Poems I’ve memorized

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As I mentioned on Monday, in June of 2007 I began to memorize poems to prepare myself for a summer of being around writerly folk in Provincetown, Massachusetts. I imagined us interns at the Fine Arts Work Center giving recitations over glasses of wine, and being called upon by the great visiting writers to speak the words of our favorite poems at will. Thus, I memorized Lee Young Li’s poem DwellingTo the Harbormaster by Frank O’Hara, Onions by William Matthews, and Robert Hass’s Meditation at Lagunitas. I tried to memorize Maxine Kumin’s Jack and Stanley Kunitz’s The Portrait, both of which make me cry every time I read them. I worked on committing to memory longer poems, such as Diving into the Wreck by Adrienne Rich and Robert Frost’s Mending Wall.

A view of Provincetown Bay

When I arrived in Provincetown, I quickly realized that no one was going to call on me spontaneously for a poetic recitation (not even Maxine Kumin herself, whom I helped by carrying her luggage to her rooms on my first day of work). The words I’d worked so hard to remember drifted away, but I wasn’t disappointed. I filled my mind instead with the new works that I was continuously exposed to.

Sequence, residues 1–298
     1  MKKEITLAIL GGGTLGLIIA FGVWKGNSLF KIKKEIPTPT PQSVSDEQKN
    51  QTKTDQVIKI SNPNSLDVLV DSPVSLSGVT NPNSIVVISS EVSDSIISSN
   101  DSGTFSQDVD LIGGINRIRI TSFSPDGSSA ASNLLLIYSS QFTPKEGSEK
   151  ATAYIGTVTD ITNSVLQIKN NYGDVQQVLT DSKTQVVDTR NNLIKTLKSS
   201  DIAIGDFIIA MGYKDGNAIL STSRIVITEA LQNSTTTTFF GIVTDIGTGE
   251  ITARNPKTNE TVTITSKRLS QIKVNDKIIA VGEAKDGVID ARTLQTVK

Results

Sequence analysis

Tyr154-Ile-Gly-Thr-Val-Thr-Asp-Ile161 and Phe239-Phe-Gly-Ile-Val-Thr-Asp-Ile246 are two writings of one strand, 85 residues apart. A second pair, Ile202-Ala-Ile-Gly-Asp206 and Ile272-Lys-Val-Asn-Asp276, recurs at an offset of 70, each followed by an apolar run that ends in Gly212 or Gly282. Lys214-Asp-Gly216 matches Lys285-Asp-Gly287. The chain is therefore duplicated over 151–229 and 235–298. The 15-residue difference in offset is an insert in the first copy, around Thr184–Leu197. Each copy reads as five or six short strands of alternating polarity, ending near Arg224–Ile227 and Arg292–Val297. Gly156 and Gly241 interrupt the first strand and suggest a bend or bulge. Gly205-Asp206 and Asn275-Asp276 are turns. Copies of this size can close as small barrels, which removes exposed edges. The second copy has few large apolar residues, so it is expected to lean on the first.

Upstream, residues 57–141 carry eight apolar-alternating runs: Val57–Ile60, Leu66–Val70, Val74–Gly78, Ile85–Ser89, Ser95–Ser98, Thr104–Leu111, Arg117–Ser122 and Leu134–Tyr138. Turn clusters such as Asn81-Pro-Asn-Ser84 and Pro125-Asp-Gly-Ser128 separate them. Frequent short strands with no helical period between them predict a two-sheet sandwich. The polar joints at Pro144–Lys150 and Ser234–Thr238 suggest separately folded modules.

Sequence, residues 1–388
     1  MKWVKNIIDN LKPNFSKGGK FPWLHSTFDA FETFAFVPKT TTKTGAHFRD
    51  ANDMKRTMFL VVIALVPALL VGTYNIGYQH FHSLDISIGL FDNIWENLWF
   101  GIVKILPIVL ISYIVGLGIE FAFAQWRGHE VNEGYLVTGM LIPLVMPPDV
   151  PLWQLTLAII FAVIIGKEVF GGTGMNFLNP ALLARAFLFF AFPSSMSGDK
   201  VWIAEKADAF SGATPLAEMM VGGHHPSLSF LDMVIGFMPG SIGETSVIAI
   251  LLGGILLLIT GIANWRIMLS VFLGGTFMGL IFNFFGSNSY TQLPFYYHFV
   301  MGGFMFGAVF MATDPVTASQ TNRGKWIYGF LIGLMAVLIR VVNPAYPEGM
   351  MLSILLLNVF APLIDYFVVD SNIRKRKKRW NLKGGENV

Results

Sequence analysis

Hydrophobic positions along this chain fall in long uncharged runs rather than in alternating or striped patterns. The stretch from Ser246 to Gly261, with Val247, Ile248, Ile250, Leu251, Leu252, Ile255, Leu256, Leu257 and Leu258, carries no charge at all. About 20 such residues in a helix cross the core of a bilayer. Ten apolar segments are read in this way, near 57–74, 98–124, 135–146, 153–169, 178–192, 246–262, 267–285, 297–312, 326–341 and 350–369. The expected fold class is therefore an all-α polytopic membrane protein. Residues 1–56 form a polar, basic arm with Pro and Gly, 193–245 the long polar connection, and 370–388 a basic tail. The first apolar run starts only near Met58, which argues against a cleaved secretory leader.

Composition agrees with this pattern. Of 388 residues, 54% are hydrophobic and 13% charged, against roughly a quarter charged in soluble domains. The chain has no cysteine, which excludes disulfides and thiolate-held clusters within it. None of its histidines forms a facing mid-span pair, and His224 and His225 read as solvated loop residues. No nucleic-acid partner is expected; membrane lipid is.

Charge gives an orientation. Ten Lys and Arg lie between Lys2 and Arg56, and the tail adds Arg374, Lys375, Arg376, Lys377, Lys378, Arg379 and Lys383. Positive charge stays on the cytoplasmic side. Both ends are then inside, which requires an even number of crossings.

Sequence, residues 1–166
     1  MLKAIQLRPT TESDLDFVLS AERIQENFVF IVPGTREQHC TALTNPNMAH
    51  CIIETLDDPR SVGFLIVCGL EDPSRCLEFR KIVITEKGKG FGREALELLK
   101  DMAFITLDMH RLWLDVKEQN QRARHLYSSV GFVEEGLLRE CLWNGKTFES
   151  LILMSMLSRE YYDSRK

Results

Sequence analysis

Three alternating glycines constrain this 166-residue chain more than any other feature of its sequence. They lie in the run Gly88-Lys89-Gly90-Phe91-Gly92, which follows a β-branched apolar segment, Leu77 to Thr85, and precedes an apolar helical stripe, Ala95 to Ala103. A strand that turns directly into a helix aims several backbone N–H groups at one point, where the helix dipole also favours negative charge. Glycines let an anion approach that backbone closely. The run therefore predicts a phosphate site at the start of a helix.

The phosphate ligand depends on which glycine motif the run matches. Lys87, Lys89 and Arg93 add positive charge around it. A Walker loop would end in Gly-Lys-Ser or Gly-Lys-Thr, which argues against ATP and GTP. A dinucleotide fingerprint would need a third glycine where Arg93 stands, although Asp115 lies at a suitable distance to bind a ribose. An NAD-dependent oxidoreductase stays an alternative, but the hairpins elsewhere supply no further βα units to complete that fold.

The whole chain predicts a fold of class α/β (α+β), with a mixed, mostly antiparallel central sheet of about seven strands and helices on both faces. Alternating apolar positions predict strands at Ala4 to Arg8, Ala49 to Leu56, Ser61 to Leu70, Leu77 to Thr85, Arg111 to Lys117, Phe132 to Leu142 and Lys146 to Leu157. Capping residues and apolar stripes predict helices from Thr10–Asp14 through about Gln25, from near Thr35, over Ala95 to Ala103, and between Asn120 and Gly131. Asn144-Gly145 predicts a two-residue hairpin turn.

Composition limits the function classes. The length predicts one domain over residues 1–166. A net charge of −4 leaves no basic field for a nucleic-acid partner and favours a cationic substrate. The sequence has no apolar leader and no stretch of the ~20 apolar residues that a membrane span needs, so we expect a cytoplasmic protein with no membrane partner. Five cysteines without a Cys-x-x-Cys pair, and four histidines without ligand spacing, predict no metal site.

In my final week at the Fine Arts Work Center, novelist Colum McCann was one of the teaching artists. Being an equal-opportunity drinker he invited everyone he met out to the bar, from his students, to random Portuguese fishermen, to the “bears” visiting for Provincetown’s annual Bear Week. We interns were included nightly in these trips and after we’d each had several rounds one night Colum began singing Irish folksongs. When he stopped singing (a beer or two later) he looked at us.

“Now, who’s got a poem to recite?” he asked us. My heart sank. Any work I’d done memorizing poems that hadn’t already been erased over the course of the summer was now muffled under the wool of alcohol. Still, I volunteered, hoping that a poem would find its way out of some pathway of my brain.

When I began to speak, though, it was not one poem that came out, but a mongrel of them all. My favorite lines from each had mixed into one superpoem, that was both wonderful and incomprehensible. And thus I recited:

First the air is blue and then

it is bluer and then green and then

black I am blacking out and yet,

I can feel my cheek

still burning.

I wanted to be sure to reach you;

You sit down to eat with a rumor

of onions still on your twice-washed hands.

Longing, we say, because desire is full

of endless distances.

Something there is that doesn’t love a wall

And the places on her body have no names.

Oh Jack, tethered in what rough stall alone

did you remember that one good winter?

And, because everyone else had had as many beers as I, they all applauded noisily (having probably not understood what I was saying anyway) and Colum started up another Irish shanty. The memorization had been worth it after all.

Craigslist poetry